Avoiding Burnout in Life and Homeschool

How to Avoid Burnout in Life and Homeschool | Elemental Blogging“If you work all the time, even at something you love, you will burnout.”

Someone told me this once, but I didn’t listen. You see when you have a home business, homeschool and stay at home with your kids, taking off is virtually impossible.

Well, if I’m really honest, it’s possible to take time off, I just have to really work at it. I’m the type of person who always has something going; there are more ideas in my head than I can possibly complete. It is a challenge for me to not do some type of work each day, whether for Elemental Science or for homeschool.

At the beginning of this year I was working everyday, sometimes till very late at night, on top of homeschooling, taking care of the house and two kids.

I was constantly overwhelmed with all that I wanted to do.

It was a recipe for disaster and I was quickly heading towards burnout. It was apparent to me and my husband that I needed to create rest in my day as well as limit the amount of time I devote to work or I was going to burnout.

Avoiding Burnout in Life and Homeschool

Here’s what I have learned about avoiding burnout in life and homeschool.

#1 – Rest

This seems so simple, but it’s not, I have had to learn how to rest.

About 6 months ago, my husband and I decided that as a family, we would take one day a week off for rest, no work allowed. I remember on our first day of rest, it was a struggle for me to not work.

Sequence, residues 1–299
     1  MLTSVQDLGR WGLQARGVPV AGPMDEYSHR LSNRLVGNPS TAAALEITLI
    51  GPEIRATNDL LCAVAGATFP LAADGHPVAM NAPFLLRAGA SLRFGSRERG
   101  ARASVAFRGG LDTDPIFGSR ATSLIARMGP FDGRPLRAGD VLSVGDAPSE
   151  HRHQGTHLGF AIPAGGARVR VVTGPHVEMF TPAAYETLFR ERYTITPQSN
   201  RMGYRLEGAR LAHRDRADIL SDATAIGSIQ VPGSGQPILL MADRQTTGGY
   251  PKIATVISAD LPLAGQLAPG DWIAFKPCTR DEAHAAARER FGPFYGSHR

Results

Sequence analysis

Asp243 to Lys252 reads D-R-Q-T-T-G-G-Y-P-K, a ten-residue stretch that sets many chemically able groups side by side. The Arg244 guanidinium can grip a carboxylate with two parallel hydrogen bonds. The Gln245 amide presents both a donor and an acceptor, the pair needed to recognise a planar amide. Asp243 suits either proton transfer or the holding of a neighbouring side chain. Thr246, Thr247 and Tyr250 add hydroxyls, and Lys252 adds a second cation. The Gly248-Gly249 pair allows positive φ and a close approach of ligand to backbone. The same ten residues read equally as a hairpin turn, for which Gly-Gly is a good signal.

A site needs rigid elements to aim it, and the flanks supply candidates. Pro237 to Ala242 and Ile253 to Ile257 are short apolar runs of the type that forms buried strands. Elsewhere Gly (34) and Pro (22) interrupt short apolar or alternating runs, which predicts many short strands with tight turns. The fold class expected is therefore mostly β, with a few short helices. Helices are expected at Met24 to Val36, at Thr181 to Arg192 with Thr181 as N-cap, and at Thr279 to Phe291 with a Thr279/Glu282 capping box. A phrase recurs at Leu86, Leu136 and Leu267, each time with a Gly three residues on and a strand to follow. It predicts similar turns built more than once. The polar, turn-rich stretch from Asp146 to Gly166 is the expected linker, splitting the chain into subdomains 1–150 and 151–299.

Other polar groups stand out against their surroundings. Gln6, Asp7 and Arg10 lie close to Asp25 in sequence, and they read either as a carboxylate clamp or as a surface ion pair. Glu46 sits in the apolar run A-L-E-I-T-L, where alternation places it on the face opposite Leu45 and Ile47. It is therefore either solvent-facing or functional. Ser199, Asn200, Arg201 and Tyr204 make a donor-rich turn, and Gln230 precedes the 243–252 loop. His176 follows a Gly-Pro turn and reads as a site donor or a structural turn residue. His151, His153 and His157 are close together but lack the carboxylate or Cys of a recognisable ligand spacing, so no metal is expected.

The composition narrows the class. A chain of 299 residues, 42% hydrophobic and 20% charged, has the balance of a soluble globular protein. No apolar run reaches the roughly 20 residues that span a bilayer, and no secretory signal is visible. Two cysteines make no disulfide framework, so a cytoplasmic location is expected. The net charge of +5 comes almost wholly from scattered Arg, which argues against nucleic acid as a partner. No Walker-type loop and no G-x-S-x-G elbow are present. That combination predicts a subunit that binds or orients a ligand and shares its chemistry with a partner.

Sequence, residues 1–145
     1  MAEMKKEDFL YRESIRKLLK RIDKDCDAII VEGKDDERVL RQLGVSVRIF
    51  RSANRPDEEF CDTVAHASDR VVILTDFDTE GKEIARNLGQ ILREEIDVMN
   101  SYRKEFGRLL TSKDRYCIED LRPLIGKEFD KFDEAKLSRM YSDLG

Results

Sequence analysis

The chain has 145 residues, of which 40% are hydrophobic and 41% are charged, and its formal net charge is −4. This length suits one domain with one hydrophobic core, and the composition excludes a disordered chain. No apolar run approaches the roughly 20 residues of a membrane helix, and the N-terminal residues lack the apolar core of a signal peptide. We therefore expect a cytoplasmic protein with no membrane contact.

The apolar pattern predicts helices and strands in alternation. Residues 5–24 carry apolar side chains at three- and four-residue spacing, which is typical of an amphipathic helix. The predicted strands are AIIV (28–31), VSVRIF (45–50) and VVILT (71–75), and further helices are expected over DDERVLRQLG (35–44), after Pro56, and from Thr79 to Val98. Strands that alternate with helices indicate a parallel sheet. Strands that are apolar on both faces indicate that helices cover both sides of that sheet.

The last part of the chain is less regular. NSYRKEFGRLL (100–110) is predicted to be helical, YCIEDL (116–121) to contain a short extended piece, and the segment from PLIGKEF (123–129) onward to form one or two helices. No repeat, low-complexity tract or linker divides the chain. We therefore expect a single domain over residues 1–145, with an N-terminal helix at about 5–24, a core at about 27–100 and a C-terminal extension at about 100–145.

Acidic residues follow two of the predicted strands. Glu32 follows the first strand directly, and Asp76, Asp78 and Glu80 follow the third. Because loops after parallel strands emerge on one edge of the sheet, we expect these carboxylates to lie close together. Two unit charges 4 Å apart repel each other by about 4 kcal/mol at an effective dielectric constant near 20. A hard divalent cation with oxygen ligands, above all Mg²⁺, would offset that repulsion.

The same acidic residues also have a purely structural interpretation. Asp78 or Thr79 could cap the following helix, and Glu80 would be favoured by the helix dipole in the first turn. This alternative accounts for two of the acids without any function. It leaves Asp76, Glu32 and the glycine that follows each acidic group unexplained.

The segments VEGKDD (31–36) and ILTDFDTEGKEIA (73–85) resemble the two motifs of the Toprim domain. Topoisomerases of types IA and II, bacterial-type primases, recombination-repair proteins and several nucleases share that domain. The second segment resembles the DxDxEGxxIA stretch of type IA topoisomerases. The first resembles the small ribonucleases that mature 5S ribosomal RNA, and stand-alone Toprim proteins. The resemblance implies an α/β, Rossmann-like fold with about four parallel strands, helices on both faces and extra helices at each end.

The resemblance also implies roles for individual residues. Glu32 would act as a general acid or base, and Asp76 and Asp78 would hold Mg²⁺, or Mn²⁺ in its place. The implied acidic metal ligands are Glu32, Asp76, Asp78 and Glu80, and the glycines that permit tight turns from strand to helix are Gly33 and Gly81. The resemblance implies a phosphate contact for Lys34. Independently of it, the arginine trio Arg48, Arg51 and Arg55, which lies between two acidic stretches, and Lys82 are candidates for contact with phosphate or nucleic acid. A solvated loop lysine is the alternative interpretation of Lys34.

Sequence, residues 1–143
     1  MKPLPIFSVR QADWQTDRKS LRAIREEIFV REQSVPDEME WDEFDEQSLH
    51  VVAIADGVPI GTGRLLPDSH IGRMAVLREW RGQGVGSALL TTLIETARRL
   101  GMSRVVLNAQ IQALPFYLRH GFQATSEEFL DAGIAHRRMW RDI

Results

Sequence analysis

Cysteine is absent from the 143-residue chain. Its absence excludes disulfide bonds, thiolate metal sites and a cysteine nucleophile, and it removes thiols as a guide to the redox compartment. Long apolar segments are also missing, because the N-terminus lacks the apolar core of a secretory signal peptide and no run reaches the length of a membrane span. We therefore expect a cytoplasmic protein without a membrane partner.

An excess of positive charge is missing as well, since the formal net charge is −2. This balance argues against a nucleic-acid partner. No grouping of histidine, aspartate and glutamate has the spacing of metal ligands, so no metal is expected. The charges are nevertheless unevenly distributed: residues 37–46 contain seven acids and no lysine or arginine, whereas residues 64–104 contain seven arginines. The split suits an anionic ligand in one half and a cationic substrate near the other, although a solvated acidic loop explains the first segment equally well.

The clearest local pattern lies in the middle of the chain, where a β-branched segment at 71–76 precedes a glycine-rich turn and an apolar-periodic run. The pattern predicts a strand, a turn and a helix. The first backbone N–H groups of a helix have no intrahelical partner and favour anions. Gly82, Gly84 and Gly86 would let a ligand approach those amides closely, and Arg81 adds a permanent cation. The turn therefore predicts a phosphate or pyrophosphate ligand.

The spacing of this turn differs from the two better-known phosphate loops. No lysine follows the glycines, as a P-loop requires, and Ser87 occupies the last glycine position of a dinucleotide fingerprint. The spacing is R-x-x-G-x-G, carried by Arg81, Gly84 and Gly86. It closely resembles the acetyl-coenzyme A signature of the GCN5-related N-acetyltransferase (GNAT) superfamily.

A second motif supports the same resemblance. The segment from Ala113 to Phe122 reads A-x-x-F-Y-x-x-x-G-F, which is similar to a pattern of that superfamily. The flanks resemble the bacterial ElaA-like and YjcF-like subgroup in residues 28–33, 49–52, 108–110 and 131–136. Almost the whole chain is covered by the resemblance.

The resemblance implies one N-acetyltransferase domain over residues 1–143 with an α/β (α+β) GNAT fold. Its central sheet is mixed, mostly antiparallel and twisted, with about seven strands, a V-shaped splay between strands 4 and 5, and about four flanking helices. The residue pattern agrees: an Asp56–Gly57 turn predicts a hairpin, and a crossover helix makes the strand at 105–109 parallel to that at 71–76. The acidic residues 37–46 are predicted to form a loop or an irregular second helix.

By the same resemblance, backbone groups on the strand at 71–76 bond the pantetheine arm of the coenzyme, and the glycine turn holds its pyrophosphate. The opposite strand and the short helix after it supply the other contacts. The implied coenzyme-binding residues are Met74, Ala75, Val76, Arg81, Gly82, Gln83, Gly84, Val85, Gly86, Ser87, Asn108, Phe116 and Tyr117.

I was worried that people wouldn’t understand if I didn’t respond to their emails in 24 hours. I was worried that taking a day off would cause me to miss my deadlines.

Rest was a discipline that I had to learn, but I’m so glad I did because learning how to rest has restored my sanity.

#2 – Know Your Priorities

There are only 24 hours in each day, some of which you need to sleep and eat in. You need to know what your priorities are, so that can choose what to fill your day with.

You need to be able to decide which activities must be done, which can wait for another day and which don’t really need to be done at all.  Each person is different, but for me God and family come before work, so the activities that involve them come first.

I’ve found that I’m happiest when I have my priorities are in order.

#3 – Get Organized

Once you know your priorities, you can structure your day.

I’ve found that when I structure my day, it alleviates a lot of the stress that leads to burnout because I know that I will have time to work, play and rest. I don’t do well with a by the minute schedule, which is why is use the term structure.

Instead, I have a general flow to my days where I write out my goals for each day. I write my goals at the beginning of the week, which helps me to know what to focus on during my work time. I also write out a weekly meal plan, which I resisted doing for years, but have found to be the best time saver so far.

The Final Product